National Public Radio (NPR) is reporting that a federal administrative judge has ordered that the Massey Coal Company temporarily reinstate whistleblower Ricky Lee Campbell while his retaliation case is pending. Campbell drove coal shuttle cars and bolted mine roofs at the Upper Big Branch and Massey’s Slip Ridge Cedar Grove mine. He complained about problems with the brakes and power pedals. He was fired before the April 5 explosion killed 29 of his coworkers.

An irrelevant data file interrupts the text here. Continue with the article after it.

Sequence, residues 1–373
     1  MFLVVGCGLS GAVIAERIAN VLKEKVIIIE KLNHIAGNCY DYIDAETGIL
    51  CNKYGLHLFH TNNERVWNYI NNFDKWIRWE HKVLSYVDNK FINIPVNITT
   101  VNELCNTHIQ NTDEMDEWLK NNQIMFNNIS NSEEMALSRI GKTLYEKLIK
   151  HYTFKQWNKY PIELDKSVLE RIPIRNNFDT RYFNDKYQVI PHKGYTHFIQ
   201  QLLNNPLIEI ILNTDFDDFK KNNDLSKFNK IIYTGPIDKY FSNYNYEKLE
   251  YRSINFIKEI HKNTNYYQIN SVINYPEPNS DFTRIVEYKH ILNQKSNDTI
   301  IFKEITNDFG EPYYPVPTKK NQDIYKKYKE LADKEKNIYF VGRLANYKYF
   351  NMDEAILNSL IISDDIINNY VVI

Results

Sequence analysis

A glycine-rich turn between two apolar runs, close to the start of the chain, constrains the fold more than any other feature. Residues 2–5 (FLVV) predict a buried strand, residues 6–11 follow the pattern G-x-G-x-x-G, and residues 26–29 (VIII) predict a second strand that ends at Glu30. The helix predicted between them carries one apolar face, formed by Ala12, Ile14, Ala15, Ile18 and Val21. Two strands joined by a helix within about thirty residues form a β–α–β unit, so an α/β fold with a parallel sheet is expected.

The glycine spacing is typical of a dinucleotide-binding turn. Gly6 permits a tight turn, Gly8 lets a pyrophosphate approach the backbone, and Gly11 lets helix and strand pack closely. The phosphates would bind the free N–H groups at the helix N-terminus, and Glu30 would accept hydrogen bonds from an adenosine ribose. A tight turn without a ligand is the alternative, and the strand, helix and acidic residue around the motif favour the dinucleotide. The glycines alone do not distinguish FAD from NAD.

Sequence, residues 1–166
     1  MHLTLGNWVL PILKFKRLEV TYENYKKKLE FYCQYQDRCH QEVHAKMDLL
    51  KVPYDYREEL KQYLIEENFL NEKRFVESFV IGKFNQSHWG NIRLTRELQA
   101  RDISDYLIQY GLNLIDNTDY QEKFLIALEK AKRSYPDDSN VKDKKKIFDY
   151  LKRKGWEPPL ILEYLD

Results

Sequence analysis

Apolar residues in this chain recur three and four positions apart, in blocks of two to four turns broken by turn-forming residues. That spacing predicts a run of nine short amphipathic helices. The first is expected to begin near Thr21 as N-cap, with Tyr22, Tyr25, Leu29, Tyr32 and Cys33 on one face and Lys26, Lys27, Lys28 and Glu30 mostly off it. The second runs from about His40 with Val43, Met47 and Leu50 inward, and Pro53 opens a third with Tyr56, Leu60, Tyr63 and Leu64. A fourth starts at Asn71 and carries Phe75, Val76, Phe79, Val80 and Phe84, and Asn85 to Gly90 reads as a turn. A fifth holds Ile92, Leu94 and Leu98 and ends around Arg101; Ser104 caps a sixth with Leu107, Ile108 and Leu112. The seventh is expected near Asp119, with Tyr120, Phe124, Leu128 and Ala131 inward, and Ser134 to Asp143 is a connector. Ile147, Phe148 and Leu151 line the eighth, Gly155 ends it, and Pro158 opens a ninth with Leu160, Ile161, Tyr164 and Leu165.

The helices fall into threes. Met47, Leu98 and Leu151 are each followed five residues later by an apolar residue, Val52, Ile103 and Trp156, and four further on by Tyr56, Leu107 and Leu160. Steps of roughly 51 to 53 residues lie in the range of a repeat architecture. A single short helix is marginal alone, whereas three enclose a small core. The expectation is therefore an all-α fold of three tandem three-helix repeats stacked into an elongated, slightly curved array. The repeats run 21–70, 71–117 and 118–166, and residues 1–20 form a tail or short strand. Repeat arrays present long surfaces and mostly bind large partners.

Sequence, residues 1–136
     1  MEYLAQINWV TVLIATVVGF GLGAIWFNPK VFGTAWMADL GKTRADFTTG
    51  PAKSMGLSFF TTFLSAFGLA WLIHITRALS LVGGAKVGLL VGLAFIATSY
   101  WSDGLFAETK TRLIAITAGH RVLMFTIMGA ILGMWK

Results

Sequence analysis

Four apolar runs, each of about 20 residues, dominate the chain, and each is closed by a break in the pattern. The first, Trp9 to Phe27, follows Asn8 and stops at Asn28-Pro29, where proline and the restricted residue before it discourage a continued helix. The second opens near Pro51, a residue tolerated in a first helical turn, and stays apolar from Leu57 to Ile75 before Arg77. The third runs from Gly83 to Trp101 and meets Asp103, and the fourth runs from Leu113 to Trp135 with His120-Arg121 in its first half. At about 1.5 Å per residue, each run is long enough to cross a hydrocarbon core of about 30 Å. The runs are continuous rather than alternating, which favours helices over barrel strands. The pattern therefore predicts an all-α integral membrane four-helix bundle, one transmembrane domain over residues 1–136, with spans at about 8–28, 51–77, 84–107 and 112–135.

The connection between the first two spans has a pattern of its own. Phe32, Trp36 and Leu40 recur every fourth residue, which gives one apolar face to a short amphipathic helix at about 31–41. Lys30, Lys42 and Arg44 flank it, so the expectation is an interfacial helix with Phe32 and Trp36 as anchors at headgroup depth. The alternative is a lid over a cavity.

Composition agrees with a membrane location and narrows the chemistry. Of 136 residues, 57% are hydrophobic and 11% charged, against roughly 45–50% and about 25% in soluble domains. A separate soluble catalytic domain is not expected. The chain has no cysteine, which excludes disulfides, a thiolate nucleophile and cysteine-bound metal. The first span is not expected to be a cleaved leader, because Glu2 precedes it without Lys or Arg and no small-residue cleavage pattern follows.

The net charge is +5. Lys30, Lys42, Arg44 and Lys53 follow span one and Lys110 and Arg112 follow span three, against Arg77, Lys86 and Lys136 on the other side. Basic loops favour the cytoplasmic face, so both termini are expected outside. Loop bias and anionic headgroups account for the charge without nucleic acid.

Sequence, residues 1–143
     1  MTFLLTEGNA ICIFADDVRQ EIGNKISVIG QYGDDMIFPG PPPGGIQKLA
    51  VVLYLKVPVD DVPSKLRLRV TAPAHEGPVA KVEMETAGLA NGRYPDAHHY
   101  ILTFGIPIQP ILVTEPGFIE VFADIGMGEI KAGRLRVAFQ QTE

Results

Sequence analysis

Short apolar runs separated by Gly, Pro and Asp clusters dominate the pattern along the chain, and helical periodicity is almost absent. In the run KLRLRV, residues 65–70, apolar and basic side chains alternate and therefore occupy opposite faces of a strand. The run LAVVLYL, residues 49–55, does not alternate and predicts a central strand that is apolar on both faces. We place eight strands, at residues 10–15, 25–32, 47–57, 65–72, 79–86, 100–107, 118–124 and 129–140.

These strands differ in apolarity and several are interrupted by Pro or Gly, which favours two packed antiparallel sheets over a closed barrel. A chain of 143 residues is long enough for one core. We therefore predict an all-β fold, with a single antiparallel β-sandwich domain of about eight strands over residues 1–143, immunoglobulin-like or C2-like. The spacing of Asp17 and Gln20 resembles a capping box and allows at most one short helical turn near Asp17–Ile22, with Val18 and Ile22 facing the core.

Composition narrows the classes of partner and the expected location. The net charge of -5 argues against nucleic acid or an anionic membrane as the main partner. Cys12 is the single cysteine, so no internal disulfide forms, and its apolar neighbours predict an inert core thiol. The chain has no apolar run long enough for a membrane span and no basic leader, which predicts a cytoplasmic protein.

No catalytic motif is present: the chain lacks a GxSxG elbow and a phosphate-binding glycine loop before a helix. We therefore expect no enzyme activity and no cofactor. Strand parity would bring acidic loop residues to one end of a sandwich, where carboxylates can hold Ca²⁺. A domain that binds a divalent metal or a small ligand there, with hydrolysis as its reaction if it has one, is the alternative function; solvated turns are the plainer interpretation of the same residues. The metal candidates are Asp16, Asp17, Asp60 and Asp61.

The Federal Mine Safety and Health Act, 30 U.S.C. § 815(c), contains one of the best preliminary reinstatement provisions for whistleblowers. Unless the administrative judge finds that the complaint is frivolous, then the law requires that the whistleblower get a preliminary reinstatement order to keep working while the case proceeds. That is the order Campbell has just received.
The Mine Safety and Health Act has a short statute of limitations, though — just sixty (60) days. This type of unevenness (laws strong on some points and weak on others) shows why we need a comprehensive whistleblower law that will give all whistleblowers the benefits of modern whistleblower laws. Massey, meanwhile, is promising to appeal the order reinstating Campbell.